Bobby Bare Jr. admits that it required getting his heart broken to come up with the songs for his latest album.
But he named the project Undefeated, as a signal that he might be down, but he's not out. Not even the end of his relationship with the mother of his youngest child, who is 3, will get Bare down for too long.
A look at some of the song titles gives a clue to their inspirations: "My Baby Took My Baby Away," "If She Cared," "As Forever Became Never Again," "The Elegant Imposter" and "Blame Everybody (But Yourself)."
The album was released April 15 by Bloodshot Records, a prominent Chicago label that specializes in Americana and roots rock music.
Bare, 47, was born and raised in Nashville, Tenn., where his musician parents made every effort to discourage him from following their career trajectory.
"Our parents didn't want us kids to grow up screwed up," Bare says. "Kids aren't supposed to be famous when they're young. So I went off to college at the University of Tennessee and got a degree in psychology, which has come in handy. The best songwriters I know, like Billy Joe Shaver, are really good observers of people."
It was Bare's parents' best friend, Shel Silverstein, who advised young Bare on his songwriting progress -- or lack of it, when it was lacking. After he graduated from college, as he made up his mind to avoid a "real job" at any cost, Bare started a roots rock band he named Bare Jr. in the 1990s. The band released two albums: Boo-Tay in 1998 and Brainwasher in 2000. He then formed a band he called the Young Criminals Starvation League, which released a self-titled album in 2002.
He has since released a series of solo albums: From the End of Your Leash, Live: Nick Nacks & Paddy Whacks, The Longest Meow and A Storm, A Tree, My Mother's Head. He has also been the subject of a documentary film released in October, Don't Follow Me: (I'm Lost).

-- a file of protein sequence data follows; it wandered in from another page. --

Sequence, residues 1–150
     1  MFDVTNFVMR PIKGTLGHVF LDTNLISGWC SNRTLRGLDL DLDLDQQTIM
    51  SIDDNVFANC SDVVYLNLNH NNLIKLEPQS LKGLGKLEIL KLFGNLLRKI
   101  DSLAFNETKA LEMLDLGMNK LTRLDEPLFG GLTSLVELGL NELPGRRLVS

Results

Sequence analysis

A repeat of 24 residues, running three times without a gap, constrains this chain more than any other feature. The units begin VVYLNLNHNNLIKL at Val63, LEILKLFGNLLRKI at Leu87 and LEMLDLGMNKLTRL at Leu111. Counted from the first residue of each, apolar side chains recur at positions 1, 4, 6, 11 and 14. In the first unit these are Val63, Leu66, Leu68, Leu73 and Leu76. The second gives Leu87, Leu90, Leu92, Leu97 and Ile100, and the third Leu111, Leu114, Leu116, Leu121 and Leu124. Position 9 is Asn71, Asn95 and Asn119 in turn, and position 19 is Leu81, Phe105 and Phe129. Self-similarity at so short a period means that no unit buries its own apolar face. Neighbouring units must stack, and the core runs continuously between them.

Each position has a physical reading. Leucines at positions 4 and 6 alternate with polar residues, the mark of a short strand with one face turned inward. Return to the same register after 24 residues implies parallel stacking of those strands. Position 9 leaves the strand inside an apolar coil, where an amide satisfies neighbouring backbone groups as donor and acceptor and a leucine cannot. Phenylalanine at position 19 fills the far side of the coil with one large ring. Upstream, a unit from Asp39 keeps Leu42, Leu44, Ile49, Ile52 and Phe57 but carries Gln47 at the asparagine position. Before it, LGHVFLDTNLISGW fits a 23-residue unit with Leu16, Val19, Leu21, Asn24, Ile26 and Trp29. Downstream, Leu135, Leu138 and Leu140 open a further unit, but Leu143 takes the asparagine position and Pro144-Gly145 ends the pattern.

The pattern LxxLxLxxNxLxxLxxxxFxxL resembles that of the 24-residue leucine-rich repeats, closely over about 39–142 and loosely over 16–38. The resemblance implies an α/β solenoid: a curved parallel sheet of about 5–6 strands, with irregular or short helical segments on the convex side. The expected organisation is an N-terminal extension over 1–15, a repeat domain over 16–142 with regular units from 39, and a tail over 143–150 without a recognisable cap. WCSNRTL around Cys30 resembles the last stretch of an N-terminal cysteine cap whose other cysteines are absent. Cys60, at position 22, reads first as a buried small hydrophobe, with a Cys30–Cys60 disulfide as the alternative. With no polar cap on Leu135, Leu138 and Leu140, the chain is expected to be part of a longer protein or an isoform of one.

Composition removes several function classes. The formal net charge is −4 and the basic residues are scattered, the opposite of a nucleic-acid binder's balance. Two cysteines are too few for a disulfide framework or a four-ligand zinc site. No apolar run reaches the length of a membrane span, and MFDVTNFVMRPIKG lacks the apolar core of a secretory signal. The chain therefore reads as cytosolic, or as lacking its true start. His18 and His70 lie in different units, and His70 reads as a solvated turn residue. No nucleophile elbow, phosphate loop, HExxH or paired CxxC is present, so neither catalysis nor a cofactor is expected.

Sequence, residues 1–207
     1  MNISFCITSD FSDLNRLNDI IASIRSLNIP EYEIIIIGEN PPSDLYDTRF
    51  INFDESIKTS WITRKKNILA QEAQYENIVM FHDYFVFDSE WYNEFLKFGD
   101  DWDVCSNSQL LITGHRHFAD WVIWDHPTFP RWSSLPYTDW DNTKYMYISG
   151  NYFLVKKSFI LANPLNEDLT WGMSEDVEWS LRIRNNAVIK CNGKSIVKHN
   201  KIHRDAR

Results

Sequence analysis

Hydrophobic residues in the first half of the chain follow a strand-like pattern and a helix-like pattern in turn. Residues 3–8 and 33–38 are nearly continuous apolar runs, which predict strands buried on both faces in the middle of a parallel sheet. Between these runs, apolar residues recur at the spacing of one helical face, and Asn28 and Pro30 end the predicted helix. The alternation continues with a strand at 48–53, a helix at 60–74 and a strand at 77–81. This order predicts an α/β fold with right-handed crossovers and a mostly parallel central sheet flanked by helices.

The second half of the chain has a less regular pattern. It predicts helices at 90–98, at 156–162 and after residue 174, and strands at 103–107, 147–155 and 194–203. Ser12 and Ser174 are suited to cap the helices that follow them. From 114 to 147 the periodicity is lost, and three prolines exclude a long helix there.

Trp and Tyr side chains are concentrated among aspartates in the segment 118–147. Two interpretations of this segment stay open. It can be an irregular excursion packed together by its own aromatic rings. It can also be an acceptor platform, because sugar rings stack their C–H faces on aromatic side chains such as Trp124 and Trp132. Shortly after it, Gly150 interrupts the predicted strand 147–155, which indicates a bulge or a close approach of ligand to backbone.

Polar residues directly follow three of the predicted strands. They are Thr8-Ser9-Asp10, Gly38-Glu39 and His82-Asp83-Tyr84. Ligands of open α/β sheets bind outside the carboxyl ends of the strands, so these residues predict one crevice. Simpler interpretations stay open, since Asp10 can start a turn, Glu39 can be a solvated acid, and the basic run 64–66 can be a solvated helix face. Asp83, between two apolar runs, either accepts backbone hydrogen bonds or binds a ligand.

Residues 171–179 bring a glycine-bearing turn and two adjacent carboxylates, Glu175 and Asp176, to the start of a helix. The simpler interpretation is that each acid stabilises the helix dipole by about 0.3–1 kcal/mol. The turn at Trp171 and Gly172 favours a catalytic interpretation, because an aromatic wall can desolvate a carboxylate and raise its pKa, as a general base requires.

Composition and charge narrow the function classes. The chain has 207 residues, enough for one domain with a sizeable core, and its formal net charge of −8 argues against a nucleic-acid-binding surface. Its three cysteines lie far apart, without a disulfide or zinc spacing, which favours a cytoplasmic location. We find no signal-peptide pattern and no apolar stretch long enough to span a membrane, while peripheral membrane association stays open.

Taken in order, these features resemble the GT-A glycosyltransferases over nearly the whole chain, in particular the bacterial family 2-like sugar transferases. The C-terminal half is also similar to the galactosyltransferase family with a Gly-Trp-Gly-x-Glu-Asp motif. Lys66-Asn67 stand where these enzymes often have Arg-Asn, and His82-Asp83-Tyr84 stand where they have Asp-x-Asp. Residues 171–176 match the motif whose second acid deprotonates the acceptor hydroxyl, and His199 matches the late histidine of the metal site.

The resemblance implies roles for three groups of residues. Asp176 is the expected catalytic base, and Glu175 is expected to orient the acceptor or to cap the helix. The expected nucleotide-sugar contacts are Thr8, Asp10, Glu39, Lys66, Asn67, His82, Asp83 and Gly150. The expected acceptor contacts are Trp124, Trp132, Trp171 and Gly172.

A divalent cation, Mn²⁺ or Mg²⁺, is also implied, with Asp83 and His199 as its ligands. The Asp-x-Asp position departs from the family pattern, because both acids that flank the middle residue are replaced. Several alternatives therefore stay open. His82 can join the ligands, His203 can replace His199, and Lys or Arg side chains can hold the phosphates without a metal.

His father, Bobby Bare, who joined the Country Music Hall of Fame last fall, had racked up hits on the country charts in the late 1950s and into the '80s. His best known hits were "Detroit City," "500 Miles Away From Home," "Miller's Cave," "Streets of Baltimore," "Four Strong Winds" and "Marie Laveau" (on which the junior Bare and his siblings provided the witch's scream on the song about a famous New Orleans voodoo queen). And then there's "Shame on Me," which he wrote and recorded -- it was the senior Bare's first hit -- and his son also recorded.
"I always steered clear of doing one of Dad's songs my whole life until January," Bare says. "Fat Possum Records released a 7-inch single of me doing that, 'Shame on Me.' I figured that I have earned the right to do that one."
Bare is no stranger to central Arkansas. He recalls opening a show for the Screamin' Cheetah Wheelies at Juanita's in 1988.
Though he primarily performs his own compositions, he occasionally includes a cover song by Lou Reed, Neil Young or Dr. Hook.
Bare's band includes Matt Martin on drums, Matt Rowland on keyboards and Jesse Bates on bass.
"Two-thirds of the band are from Arkansas," Bare says. "Matt Rowland is from Hope and Jesse is from Little Rock."
Weekend on 05/22/2014
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